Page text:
Because such programs are very expensive, in most less developed countries they are of much more limited scope, or are even totally absent. The argument for policies designed to achieve a more equitable distribution of income is not that the poor cause more resource degradation than the rich, and so must be helped out of their poverty.
Indeed, the contrary is often the case, given the much higher levels of consumption of items such as fossil fuels in rich countries. Rather the aim is to make possible a reasonable standard of living for today's poor. Then they can have the means to provide a more sustainable future for their children, for example by providing them with good nutrition, sound health care and a good education.
While the general economic and social policies outlined above may be very important for SARD, they mostly fall outside the area of responsibility of agricultural professionals. The policy areas discussed next, on the other hand, relate specifically to the rural sector and will, in many cases, lie within the competence of ministries of agriculture. A tarmac road that lowers travel time and reduces vehicle running costs, also lowers the costs of marketing agricultural produce and reduces the delivered cost of farm and household requisites.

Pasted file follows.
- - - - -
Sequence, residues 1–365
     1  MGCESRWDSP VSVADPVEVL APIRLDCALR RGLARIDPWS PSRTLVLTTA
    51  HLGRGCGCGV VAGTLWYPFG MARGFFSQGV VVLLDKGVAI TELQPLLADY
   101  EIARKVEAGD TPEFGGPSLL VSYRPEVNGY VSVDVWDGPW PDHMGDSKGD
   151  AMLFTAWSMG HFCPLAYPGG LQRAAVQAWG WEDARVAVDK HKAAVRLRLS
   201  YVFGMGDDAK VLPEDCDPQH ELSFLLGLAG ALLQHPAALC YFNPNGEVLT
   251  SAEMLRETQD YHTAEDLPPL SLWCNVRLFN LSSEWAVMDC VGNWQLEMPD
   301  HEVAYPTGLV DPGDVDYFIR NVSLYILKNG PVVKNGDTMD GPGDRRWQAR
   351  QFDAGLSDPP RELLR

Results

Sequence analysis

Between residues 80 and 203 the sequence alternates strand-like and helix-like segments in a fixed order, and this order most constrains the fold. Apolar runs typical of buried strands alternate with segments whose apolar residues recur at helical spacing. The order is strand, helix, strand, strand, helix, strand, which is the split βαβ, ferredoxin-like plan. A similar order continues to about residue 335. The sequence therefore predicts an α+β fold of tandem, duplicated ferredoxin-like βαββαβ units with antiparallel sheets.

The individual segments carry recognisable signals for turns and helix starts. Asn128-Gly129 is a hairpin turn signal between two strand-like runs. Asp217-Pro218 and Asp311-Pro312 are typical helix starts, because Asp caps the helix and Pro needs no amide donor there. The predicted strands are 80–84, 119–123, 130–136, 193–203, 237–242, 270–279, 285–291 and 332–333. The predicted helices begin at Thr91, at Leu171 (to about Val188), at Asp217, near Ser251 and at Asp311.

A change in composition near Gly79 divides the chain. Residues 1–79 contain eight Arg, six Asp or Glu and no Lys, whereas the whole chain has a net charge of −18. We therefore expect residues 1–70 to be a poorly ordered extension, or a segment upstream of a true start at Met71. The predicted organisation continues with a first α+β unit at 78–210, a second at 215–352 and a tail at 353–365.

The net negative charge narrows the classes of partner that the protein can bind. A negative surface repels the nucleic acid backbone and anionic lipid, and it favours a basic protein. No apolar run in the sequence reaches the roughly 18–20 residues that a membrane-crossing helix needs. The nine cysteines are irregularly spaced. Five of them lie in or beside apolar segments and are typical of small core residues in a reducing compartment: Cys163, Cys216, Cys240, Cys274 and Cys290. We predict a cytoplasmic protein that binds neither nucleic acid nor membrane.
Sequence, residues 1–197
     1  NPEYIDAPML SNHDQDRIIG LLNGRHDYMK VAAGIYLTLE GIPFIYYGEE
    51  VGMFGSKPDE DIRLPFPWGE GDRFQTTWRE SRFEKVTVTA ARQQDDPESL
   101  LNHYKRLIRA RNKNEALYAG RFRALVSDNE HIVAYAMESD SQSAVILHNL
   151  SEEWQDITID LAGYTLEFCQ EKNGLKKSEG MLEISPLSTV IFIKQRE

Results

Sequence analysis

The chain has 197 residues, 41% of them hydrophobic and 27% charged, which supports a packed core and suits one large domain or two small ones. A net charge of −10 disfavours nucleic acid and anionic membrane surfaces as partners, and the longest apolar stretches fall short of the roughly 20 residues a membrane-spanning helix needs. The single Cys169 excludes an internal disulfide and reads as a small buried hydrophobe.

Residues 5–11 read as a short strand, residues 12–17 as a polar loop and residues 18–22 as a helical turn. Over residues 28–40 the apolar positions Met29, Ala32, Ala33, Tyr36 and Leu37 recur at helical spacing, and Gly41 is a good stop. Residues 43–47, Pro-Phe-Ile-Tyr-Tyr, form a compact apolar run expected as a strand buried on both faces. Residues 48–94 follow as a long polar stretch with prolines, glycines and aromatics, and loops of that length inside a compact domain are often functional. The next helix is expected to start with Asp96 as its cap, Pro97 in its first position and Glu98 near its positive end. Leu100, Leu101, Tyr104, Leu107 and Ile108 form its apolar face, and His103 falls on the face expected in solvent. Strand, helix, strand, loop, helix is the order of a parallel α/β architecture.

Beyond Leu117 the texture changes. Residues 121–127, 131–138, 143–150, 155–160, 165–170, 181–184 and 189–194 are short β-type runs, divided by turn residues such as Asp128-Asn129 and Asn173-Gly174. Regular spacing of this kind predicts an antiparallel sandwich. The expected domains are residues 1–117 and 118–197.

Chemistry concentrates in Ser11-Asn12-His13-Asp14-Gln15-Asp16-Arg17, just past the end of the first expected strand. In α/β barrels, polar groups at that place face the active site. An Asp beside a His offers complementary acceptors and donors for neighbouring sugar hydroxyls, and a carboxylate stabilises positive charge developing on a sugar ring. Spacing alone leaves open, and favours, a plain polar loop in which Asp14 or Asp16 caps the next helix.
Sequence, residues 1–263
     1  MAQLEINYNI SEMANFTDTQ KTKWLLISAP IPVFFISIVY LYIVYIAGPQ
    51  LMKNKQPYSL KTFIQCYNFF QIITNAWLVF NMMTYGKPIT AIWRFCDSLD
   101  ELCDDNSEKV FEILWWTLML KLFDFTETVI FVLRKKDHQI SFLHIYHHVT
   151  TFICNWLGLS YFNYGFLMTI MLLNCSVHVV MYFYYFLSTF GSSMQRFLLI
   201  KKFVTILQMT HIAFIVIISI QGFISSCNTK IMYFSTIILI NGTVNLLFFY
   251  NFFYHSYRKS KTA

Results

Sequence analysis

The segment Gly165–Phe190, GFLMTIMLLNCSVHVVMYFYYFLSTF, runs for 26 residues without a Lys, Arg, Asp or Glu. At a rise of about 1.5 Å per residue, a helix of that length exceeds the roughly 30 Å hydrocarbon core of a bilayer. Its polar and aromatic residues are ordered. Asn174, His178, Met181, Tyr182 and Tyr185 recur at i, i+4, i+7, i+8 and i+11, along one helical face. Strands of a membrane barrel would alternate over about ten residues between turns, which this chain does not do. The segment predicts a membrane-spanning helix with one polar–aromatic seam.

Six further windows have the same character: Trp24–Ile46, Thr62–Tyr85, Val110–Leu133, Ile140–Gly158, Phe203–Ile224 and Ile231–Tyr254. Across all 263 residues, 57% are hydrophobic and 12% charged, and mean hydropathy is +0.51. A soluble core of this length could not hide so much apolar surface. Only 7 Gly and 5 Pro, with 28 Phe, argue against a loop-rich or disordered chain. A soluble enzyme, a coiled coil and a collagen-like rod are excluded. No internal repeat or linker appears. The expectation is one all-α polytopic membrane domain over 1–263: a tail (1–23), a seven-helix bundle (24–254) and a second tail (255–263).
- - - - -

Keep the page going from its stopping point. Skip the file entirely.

Similarly, an irrigation system raises the productivity of farmland while a telephone system lowers transaction costs in agricultural marketing and improves efficiency by giving producers better access to price information. While public investments in rural infrastructure are important for SARD, so is the provision of systems and funding for the maintenance of existing infrastructure.
Without the latter, investments in infrastructure may be wasted or may yield lower benefits than they should. One of the most significant impacts on sustainable development of the crisis in Africa in the s was the serious deterioration of all types of infrastructure because of lack of maintenance. Because provision of infrastructure is usually expensive and because opportunities are many and funds restricted, major policy questions arise as to which infrastructure projects are to be given priority.
In such a situation, proper investment appraisal is important. Such appraisals should obviously account for environmental impacts of the proposed project. In planning a new road, for instance, proper attention to alignment and to such design features as the control of storm-water run-off may add little to costs but may reduce the environmental harm considerably.
Yet, as noted earlier, improvements in human capital have been the source of most of the gains in the productivity of agricultural land and labour in the past. Given that the land frontier has been reached in most countries, and that areas available for farming and forestry are likely to decline, policies to enhance rural human capital need to be given high priority.